Tuesday, December 18, 2018

What is the Army Ethic and what is the difference between “Ethic” and “ethics”? Ethics is the study of what is right and wrong (philosophy, theology, law). The Army Ethic is the professional ethic of the U.S. Army—the heart of the Army. It inspires soldiers’ shared identity as trusted Army professionals of character, competence and commitment, bound together in common moral purpose.

The moral principles of the Army Ethic, including the Army Values, provide the moral and legal basis for why and how we serve, guiding our decisions and actions. The Army exists as a profession for one reason: to serve the nation by supporting and defending the Constitution in a way that upholds the rights and interests of the American people. The Army Ethic defines what it means to serve honorably … in the conduct of our mission, performance of duty and all aspects of life. Living by and upholding the Army Ethic is the foundation for mutual trust and cohesive teamwork—the first principle of Mission Command.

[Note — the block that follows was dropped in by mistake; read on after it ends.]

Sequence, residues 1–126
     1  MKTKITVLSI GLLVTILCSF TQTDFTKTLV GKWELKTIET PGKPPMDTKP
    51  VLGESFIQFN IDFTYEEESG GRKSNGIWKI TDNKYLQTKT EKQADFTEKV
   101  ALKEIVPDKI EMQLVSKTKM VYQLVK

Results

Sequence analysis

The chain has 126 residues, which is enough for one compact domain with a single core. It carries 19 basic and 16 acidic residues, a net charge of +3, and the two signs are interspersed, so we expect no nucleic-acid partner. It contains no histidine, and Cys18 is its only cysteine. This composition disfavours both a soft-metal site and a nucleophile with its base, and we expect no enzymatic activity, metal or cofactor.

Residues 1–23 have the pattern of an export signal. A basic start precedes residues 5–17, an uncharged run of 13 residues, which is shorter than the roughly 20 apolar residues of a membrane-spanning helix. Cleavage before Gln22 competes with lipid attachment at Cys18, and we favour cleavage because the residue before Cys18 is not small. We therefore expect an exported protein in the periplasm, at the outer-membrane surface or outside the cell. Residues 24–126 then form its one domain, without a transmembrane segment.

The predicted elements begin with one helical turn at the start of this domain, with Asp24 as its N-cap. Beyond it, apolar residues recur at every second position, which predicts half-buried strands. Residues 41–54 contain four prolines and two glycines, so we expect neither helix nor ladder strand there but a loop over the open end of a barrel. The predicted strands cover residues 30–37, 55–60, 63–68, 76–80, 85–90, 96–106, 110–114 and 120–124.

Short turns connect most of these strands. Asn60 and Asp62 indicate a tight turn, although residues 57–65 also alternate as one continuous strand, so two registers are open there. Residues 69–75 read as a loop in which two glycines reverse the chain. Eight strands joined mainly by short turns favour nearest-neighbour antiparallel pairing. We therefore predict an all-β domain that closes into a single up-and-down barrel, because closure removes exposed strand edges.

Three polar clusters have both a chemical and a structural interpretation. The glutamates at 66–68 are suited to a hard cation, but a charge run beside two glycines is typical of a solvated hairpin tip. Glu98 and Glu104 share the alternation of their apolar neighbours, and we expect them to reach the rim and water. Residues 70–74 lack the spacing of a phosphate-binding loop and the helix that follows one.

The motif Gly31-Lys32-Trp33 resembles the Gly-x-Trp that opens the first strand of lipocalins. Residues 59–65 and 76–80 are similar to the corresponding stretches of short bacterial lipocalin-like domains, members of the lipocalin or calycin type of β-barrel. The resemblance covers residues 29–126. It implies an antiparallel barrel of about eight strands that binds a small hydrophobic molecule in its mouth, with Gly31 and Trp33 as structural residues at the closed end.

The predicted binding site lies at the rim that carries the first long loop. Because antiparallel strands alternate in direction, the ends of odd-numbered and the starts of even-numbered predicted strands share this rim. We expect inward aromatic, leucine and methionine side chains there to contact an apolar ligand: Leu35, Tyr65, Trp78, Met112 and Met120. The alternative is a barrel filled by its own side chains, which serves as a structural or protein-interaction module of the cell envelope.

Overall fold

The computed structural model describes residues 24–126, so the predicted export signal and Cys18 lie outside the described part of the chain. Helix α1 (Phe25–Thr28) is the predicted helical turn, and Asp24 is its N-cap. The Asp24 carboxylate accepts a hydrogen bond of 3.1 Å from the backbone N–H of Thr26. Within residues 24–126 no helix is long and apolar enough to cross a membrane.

The vignettes that follow illustrate selected moral principles of the Army Ethic in action as identified in Chapter 2: The Army Ethic of Army Doctrine Reference Publication 1: The Army Profession.

Operation Acid Gambit

Successful hostage rescues frequently require surprise, speed and violent action. In the early morning hours of Dec. 20, 1989, at the beginning of combat operations in Panama, soldiers assigned to the 1st Special Forces Operational Detachment-Delta, supported by MH-6 Little Bird helicopters of the 160th Special Operations Aviation Regiment, conducted a hostage rescue at the Panamanian Carcel Modelo Prison. Their mission was to free an American citizen, Kurt Muse. The rescue team landed on the prison roof, breached an entryway, engaged the Panamanian guards, located Muse, forced open his cell door and led him to the roof for extraction—all in six minutes.